Climate change, by contrast, is already happening, getting worse more quickly than even pessimists thought, and likely to affect the world’s driest continent particularly badly. Our very own water wars are a taste of what’s to come.
In the meantime, we spend increasingly large sums of money on weapons systems that no one expects to use, even in the unlikely event that they actually work as advertised. White implicitly acknowledges the inherent implausibility of traditional security thinking when he points out that even if Australia’s trade routes were threatened (a slightly more plausible scenario), ‘we would have no practical options to protect our seaborne trade from attack’. Quite so.
It’s also important to recognise that when—not if—the impact of climate change gets much worse, it is sure to exacerbate all of the ‘usual’ challenges that keep strategic types up at night, plus a few new ones that don’t bear thinking about. Environmental refugees are a problem that looks especially ill-suited to a military response. Or perhaps not, if our principal ally’s policy on border protection is anything to go by.
Indeed, Campbell isn’t the only one who has been turning his mind to the strategic consequences of climate change. His counterparts in America’s military establishment have also been war-gaming the implications of unmitigated climate change. They’ll need to do a lot more of it given that their commander-in-chief doesn’t think it’s happening and is seemingly intent on doing everything he can to make it worse.
Tragically, the most immediate, direct existential threat that Australia (and every other country, for that matter) needs to defend against is one that threatens the very foundations of human life itself, not to mention democracy and a civilisation worthy of the name. Hyperbole? Sadly, almost certainly not. Schoolchildren seem to get that, even if some of the smartest people in this country still appear to be incapable of doing so. When we have a real and immediate danger to confront, do we really want to waste our very limited time responding to the improbable variety?

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The Counter-Intuitive Solution To Getting People To Care About Climate Change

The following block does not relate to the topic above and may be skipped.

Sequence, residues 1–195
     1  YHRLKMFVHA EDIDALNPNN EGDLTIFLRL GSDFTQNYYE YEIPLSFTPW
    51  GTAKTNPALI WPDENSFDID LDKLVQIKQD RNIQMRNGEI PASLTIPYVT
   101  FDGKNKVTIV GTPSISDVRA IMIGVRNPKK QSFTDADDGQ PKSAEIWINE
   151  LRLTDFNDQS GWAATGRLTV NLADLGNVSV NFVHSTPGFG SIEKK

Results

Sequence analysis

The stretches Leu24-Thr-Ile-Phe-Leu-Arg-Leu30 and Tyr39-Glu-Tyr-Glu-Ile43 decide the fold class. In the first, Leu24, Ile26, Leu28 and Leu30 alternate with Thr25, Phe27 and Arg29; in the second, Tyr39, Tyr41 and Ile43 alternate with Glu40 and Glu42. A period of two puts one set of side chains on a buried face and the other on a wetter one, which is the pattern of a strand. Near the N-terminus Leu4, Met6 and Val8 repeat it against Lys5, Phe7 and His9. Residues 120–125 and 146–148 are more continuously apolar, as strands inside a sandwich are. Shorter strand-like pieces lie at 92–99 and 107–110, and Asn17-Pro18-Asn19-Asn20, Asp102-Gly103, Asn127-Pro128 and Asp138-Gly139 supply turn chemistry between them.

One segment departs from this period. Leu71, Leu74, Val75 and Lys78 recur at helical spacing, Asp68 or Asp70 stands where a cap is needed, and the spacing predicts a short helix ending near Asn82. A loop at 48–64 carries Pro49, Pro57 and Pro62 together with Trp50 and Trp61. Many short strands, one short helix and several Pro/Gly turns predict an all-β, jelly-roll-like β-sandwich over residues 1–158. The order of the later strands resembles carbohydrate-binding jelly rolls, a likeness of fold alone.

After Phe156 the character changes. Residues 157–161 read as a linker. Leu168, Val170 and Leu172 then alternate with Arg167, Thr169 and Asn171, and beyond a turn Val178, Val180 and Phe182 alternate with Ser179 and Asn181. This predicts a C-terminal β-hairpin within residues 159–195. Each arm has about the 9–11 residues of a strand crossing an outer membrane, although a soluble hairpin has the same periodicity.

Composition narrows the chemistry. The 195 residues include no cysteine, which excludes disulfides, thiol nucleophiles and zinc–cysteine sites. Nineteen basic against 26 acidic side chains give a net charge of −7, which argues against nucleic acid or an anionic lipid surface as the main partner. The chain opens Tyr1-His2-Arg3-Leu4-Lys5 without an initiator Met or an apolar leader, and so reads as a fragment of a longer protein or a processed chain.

18 July, 2019 - 05:00
The Conversation

Zero-emissions energy is part of the solution to climate change. U.S. Department of Energy/flickrIn a May episode of Last Week Tonight With John Oliver, Bill Nye the Science Guy took a blowtorch to a miniature globe. It was an effort to startle Americans out of their complacency over climate change.
Whether on late-night TV or the nightly news, alarm is a recurring feature of climate change stories. Climate news is full of references to worsening wildfires, melting glaciers and rising seas.
However, this emphasis on doom and gloom can leave citizens feeling helpless and hopeless that they can make a difference.

‘Green New Deal,’ Last Week Tonight with John Oliver (HBO). The segment with Bill Nye begins at 18:20.

“Threatening messages can capture the public’s attention and create a sense of urgency, leading to a heightened level of concern,” according to Climate Access, a non-profit research group. “But worry by itself is not an effective motivator for action, as it more often leads to resignation and hopelessness.”

Rethinking climate coverage
One approach that can better engage news audiences is a style of reporting known as solutions journalism.
Solutions journalism is reporting on ways that people and governments meaningfully respond to difficult problems. It is an alternative to just reporting on the problem itself.
Solutions stories are not fluffy, good news stories. Instead, they are hard news stories meant to highlight what has worked based on tangible proof.
The approach has been shown to increase interest in a subject, and to elevate the public’s sense of self-efficacy.

More facts ≠ more concernNo subject is arguably more timely for a solutions-oriented approach right now than climate change. The evidence could not be more clear. The planet has heated up steadily since the Industrial Revolution. Most of that warming has happened over the past four decades.
The Earth’s average global temperature from 2013 to 2017, as compared to a baseline average from 1951 to 1980. Yellows, oranges and reds show regions that are warmer than the baseline. NASA’s Scientific Visualization StudioDespite all the evidence, mustering the political will to take climate change more seriously is a persistent problem. Why is that?
There are many reasons why politicians and the public have difficulty engaging with climate change. For example, climate change can feel distant, and there is often little immediate gratification for dealing with it.
Unfortunately, academics, governments and journalists have long assumed that citizens would take action if only they had more facts about climate change.
However, there is growing evidence that more facts do not translate into more concern. In a widely cited study, Dan Kahan, a professor of law and psychology at Yale Law School, and his colleagues found that people who had more knowledge about the science of climate change were not necessarily more concerned about it. Instead, lack of concern had much more to do with people’s personal beliefs and values.

Effective climate communication
Effective climate change communication challenges the idea that more facts produce more concern. Instead, effective climate change communication considers that tapping into people’s values is a far more effective strategy for engagement.
Good climate communicators ask the question: what is it about people’s experiences and circumstances that make them unlikely to engage with the climate crisis right now?